Name Flap Ruffles Feathers


A duck by any other name would quack just as loudly.

The Oldsquaw duck earned its moniker a couple hundred years ago because early bird watchers thought it flapped and squawked like, well . . . an Indian woman.

But given today’s sensibilities, it was only a matter of time before Oldsquaw divided the ornithological community. Is the name offensive? Or is a current effort to change it a case of political correctness gone awry?

Every part of society wrestles with these questions. Raucous debates have broken out over sports teams, high school mascots and names of places. Crayola even changed its “Indian red” crayon to “chestnut” to avoid confusion over the color’s origin.


For bird and plant experts, none of this would matter if the world would just stick to the formal Latin names that scientists give to all living things. But people don’t, not when a wild bird such as Oldsquaw is officially classified as Clangula hyemalis.

The result is common names that may--to some--seem shockingly out of step, like wandering Jew, coolie’s cap or kaffir (a derogatory South African term for black people) lily.

“If we looked thoroughly, we could come up with a lot of potentially nasty or naughty names,” sighed Richard Banks, chairman of the American Ornithologists’ Union committee that will decide the fate of Oldsquaw.

The road to political correctness is fraught with peril, he and others say. If, for instance, you decide that the plant commonly known as digger pine is insulting because it is a pejorative referring to Native Americans digging roots, what about pope’s nose or Jew’s beard?

In many cases, the impetus for change comes not from an offended party but from experts policing themselves--driven in part by such new fields of academia as ethno-ecology and ethno-botany. The outcome? The plant commonly known as squaw bush is now called skunkbrush. The digger pine has become the gray or foothill pine. And the bird known as Oldsquaw may soon be dubbed the long-tailed duck.

“The change is long overdue,” said April Go Forth, a member of the Ani-YunwiYah tribe and director of Resources for Indian Student Education, a state-funded program in Northern California’s Modoc County. “People have allowed and tolerated those terms, and thankfully we have young people growing up who don’t accept that.”

Some worry that society’s zest for tolerance has created intolerance.

“Our nation is headed for blandness. There is tremendous drive for uniformity and loss of local color,” said Phyllis Faber, co-director of a natural history series for UC Press. “I like the richness of having the old names; it does give a sense of the history.”

Said Dan Nicolson, a curator and research botanist with the National Museum of Natural History at the Smithsonian Institution: “The whole point of vernacular names is they are what people say.”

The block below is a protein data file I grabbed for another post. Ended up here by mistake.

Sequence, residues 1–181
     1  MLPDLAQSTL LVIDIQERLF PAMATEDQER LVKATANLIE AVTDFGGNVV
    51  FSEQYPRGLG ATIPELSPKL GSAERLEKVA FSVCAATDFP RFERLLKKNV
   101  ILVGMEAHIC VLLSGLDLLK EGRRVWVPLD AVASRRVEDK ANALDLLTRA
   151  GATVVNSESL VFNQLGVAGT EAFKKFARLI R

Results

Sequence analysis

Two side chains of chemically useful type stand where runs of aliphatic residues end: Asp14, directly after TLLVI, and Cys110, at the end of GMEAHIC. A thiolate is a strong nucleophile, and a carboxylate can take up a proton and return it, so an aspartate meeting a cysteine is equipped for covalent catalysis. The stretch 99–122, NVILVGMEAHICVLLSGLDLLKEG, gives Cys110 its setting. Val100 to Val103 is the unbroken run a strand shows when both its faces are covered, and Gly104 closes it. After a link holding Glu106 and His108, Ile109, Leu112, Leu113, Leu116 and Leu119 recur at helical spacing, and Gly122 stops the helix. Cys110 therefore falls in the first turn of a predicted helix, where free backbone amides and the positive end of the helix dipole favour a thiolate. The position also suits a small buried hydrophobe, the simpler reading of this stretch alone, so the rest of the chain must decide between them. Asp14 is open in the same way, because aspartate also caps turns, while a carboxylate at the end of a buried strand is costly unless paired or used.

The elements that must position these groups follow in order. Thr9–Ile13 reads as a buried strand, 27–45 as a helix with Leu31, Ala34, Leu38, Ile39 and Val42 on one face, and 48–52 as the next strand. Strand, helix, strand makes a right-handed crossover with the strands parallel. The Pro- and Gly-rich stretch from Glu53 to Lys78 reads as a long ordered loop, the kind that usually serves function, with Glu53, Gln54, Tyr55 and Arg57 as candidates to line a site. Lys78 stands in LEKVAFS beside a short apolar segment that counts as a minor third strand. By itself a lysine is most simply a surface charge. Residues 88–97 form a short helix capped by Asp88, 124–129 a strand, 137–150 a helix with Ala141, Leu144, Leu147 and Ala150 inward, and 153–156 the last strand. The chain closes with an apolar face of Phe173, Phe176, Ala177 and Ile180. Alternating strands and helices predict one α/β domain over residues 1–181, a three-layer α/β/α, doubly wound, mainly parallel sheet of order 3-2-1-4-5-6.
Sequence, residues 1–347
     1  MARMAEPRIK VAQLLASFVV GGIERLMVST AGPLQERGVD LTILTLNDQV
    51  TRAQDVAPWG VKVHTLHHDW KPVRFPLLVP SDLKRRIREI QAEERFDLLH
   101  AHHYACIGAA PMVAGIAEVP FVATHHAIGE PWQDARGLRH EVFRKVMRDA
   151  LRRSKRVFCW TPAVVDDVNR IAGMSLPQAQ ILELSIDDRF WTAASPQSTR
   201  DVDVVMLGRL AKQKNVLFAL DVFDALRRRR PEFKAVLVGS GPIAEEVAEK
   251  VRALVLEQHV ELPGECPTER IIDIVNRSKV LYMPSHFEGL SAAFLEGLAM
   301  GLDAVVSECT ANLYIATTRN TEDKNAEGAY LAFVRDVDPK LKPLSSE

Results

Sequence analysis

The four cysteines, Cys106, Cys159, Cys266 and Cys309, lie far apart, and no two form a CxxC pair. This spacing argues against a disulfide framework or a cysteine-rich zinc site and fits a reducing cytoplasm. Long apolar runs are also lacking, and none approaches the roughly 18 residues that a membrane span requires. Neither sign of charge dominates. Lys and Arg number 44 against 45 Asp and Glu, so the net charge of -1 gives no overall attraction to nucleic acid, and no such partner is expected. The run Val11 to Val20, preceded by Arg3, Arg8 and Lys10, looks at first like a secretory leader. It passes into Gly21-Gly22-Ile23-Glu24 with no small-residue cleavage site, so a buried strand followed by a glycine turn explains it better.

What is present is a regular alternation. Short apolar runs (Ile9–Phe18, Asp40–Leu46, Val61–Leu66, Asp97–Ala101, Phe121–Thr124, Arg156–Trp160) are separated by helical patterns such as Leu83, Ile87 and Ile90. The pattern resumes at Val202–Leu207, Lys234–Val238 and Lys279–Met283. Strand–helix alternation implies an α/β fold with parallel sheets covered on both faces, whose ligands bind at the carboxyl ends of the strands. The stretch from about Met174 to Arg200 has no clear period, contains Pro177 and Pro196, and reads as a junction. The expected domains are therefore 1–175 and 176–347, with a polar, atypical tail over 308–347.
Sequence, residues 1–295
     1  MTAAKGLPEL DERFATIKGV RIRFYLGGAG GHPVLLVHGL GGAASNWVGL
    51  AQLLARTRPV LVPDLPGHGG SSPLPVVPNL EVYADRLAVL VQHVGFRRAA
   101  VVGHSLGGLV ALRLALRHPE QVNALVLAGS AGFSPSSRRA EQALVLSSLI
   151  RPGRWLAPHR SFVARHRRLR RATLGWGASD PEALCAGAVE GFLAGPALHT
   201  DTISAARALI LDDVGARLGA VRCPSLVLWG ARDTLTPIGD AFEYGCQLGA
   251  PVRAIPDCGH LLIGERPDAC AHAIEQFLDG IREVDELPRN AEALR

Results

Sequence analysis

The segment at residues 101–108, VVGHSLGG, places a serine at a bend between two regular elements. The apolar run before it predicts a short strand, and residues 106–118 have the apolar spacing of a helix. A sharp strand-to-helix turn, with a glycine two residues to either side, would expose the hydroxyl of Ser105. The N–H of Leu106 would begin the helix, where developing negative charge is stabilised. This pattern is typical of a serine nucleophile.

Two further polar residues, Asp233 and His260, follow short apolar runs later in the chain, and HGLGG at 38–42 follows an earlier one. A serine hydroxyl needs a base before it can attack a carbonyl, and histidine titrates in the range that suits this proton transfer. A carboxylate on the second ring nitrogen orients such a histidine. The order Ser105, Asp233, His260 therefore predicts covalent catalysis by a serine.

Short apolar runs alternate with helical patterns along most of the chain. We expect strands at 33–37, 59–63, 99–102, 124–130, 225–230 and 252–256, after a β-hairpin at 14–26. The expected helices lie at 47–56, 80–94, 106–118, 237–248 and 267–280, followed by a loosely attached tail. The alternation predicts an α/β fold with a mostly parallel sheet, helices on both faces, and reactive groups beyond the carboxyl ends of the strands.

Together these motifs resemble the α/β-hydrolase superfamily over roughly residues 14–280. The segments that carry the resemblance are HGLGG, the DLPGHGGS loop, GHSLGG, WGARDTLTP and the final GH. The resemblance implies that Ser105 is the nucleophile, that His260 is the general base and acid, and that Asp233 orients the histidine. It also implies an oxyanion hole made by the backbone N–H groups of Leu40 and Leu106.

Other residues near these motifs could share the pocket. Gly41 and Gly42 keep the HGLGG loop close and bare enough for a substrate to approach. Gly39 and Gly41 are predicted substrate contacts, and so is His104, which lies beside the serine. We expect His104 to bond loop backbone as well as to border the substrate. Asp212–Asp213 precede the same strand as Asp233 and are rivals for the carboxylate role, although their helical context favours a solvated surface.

Linnaeus Faced Similar Criticism

In some ways, the current controversy is the latest incarnation of an age-old debate. Nicolson points out that Carl Linnaeus, who created a system of naming plants in Latin in 1753, was skewered by some peers who regarded the nomenclature as lascivious because it often described plants in sexual terms. For example, in Latin, Linnaeus described a plant as having several husbands in the same marriage. But he exacted his own revenge by naming an unpleasant, small flowered weed Siges beckia, after one particularly sharp critic, Siges Beck.

For birds the American Ornithologists’ Union, an organization of 4,000 scientists as well as amateurs, decides on informal monikers and scientific names. A very elaborate code dictates rules for scientific names of plants, but decisions about common names are typically left up to individual authors.

When Ron Lanner wrote his book “Conifers of California,” released earlier this year, he initially planned to discuss Pinus sabiniana and refer to it as digger pine, so named because it was a tree that was important to Native Americans, who ate the large nuts.

But the term “digger” is a derogatory one, said Kat Anderson, an ethno-ecologist with the federally funded Natural Resources Conservation Service. It conjures up the image of groveling in the dirt for grubs and roots, said Anderson, a lecturer in UC Davis’ department of environmental horticulture.

Lanner changed his mind after researching the matter and getting a letter from Anderson. The author chose gray pine.

“Common names are completely discretionary,” Lanner said. “As long as a name is offensive, as long as there are perfectly good alternative names with just as much history, then why use an offensive name?”

Several experts point out that the moniker “gray pine” loses any association to Native Americans.